The MIG-27 and Jaguar aircraft are designed to strike at the enemy with speed and precision. They are designed to carry heavy armament load to the tune of six tons and fly over long distances. Flown by a single pilot they have accurate navigation and weapon delivery systems. The MiG-27ML fighter bomber manufactured in 1982 became an export version of the MiG-27M. The aircraft was developed upon the Indian order.
This swing wing fighter of Russian origin was inducted into the IAF in the late 1980's. This dedicated ground attack aircraft has been one of the main strike aircraft of the IAF. With its sophisticated avionics and weapon computers, it is capable of delivering a variety of loads in different modes of attack. A very stable weapons platform with good forward visibility and all around view, it can carry precision munitions guided by TV/laser and also A4Ms for self defence.
Nowadays, it is manufactured at the Nasik Division of HAL and is dubbed "Bahadur" (Brave). A small batch of 10 MiG-27MLs and the prefabricated parts for India (over 80 sets) were also manufactured in Irkutsk. On January 11, 1986 the first Indian MiG-27 was completed using the Irkutsk parts, and in 1988, the Indian-made "Bahadur" aircraft production started.
The MiG-23 met the requirement for a Tactical Air Strike Aircraft (TASA). With the various development programs to enhance the operational performance of the HF-24 Marut by HAL abandoned for one reason or the other, the Government of India concluded an agreement with the Soviet Union for the MiG-23 variable-sweep fighter. Four squadrons, then flying the HF-24 and Sukhoi Su-7 were re-equipped with the MiG-23BN and induction into IAF service of this swing-wing fighter. Nos. 10 and 220 Squadrons were shortly operational on the new type and Nos. 31 and 221 followed to add a considerable measure of potency to the offensive air support formations of the IAF.
The dedicated strike derivative, selected for licence production by HAL, was the MiG-27M which shared the overall configuration of the MiG-23BN but was optimised for low-level, high-speed performance. The last Sukhoi Su-7 Squadron (No.222) became the first MiG-27M unit and the Ajeet light fighter squadrons were gradually re-equipped with the MiG-27ML, No.9 being followed by Nos.18,22 and lately, No.2.
MiG-27 contributed to 10% of all fatal air crashes from April 1996 to May 2001. This could be because of the role assigned to MiG-27, which is basically a ground attack aircraft.
By 2003 overhaul facilities for MiG-23, MiG-27 and MiG-29 have been set up in India, but not for MiG-25. MiG-23 and MiG-29 aircraft are being overhauled at 11 Base Repair Depot, Nasik since 1988 and 1997 respectively. For MiG-25 aircraft overhaul facilities have not been set up in India as their inventory is very low. Hence, setting up overhaul facilities is uneconomical. For MiG-27 aircraft, Hindustan Aeronautics Limited (HAL) has established overhaul facilities. As estimated by Air Headquarters and HAL foreign exchange to the tune of Rs. 986.84 crore had been saved by overhauling these aircraft in India.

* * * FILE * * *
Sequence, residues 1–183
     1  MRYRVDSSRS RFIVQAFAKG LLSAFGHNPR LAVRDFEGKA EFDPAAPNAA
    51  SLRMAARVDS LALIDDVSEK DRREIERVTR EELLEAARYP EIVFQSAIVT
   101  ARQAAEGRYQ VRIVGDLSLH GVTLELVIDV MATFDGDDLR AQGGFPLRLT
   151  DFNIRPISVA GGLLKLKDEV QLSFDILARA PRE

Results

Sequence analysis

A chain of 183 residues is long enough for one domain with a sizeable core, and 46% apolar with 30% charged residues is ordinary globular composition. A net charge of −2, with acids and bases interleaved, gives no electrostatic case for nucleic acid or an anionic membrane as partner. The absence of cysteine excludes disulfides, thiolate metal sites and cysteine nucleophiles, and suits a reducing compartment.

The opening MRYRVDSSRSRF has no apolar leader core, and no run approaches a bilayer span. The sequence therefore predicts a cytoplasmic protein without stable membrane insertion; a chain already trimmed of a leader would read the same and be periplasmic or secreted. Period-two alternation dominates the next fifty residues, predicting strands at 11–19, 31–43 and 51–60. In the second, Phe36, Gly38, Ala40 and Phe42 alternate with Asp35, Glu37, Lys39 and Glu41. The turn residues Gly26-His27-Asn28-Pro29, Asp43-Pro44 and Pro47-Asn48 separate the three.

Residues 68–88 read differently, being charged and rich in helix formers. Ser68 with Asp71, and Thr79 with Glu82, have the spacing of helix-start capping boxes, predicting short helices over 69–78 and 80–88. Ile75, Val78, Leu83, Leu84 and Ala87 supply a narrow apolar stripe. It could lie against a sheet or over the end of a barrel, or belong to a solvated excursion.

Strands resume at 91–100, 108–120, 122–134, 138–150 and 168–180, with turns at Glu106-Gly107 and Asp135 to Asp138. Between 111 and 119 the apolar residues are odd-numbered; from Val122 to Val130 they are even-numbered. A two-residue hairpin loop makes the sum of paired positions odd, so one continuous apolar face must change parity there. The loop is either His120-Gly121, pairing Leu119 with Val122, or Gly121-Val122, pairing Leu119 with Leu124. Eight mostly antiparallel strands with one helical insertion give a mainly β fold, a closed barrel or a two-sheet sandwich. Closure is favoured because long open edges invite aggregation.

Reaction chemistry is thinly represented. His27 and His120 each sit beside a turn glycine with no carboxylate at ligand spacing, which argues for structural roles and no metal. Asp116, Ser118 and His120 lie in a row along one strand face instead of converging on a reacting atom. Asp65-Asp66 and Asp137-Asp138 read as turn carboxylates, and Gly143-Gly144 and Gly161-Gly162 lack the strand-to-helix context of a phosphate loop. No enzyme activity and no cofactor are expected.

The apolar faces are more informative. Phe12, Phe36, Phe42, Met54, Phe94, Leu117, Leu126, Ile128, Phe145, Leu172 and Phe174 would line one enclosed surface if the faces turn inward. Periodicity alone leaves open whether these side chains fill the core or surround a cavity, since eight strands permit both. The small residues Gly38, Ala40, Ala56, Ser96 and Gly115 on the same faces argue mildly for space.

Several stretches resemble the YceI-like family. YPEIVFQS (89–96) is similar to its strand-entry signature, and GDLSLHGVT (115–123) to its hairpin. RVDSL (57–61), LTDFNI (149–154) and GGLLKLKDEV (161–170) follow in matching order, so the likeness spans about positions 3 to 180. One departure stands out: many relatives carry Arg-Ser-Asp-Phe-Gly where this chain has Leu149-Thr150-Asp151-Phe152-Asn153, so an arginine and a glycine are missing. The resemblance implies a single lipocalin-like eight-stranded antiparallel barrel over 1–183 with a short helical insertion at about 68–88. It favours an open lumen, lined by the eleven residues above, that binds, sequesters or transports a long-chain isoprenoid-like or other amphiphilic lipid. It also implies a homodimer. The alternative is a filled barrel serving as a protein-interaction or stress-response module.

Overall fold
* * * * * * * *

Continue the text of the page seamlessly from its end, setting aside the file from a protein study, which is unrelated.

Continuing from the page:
The MiG-27's completed a two-year long avionics upgrade in 2004 conducted by a Bangalore-based unit of the Defence Research and Development Organization (DRDO) and carried out onsite at HAL's Nasik facility. It was originally believed that the Russians or the Israelis would win the contract. However, indigenous projects tend to be cheaper because countries are not dependent on foreign suppliers and therefore not on a weak footing during price negotiations.
The upgrade of the 120 Soviet-origin MiG-27 fighter bomber aircraft, which began in 2002, was successfully completed in 2009, giving the aircraft better navigational technology and a pilot friendly cockpit. The project was initiated in the year 2002 through a tripartite memorandum of understanding between Defence Avionics Research Establishment (DARE) under the aegis of Defence Research and Development Organisation (DRDO), Hindustan Aeronautics Ltd (HAL) Nasik and the Indian Air Force. The upgraded MiG-27 aircraft is equipped with Inertial Navigation and Global Positioning System (INGPS) providing accurate navigation. Advanced avionics on the aircraft has been interfaced on MIL-STD-1553B Dual Redundant Bus. To enable weapon aiming, accurate ranging sensors such as Laser Designator Pod (LDP) and Laser Ranger and Marked Target Seeker (LRMTS) are integrated. A digital map generator has been integrated to improve situational awareness. The digital video recording system provides mission analysis and debrief support.
A formidable strike aircraft, MiG-27 ML had an impeccable track record in its more than three decades of glorious service to the nation. Time and again she has proved her worth in various operations including Kargil and earned rich accoladesin numerous international exercises held in India. Though the last MLs retire, they are not the last swing wing aircraft in service as few of them got a midlife avionics upgrade and continue to serve the nation. They are called MiG-27 UPG and were based in Jodhpur.
December 28, 2017 witnessed the last MiG-27 ML aircraft roar over Hasimara Air Force base as the Indian Air Force bid adieu to this legacy fleet in a function to mark the last flying. As of 2017 a total of 10 Squadrons of Indian Air Force (IAF) equipped with MiG-21 and MiG-27 aircraft were scheduled to retire by 2024 on completion of their Total Technical Life.
The Indian Air Force's last remaining squadron of upgraded MiG-27UPGs will make its final flight from Jodhpur Air Base in Rajasthan, northwestern India, in late December, IndiaToday reported. The planes, belonging to 29 Scorpio Squadron, would make their last flight at an official ceremony on 27 December 2019.
|Join the GlobalSecurity.org mailing list|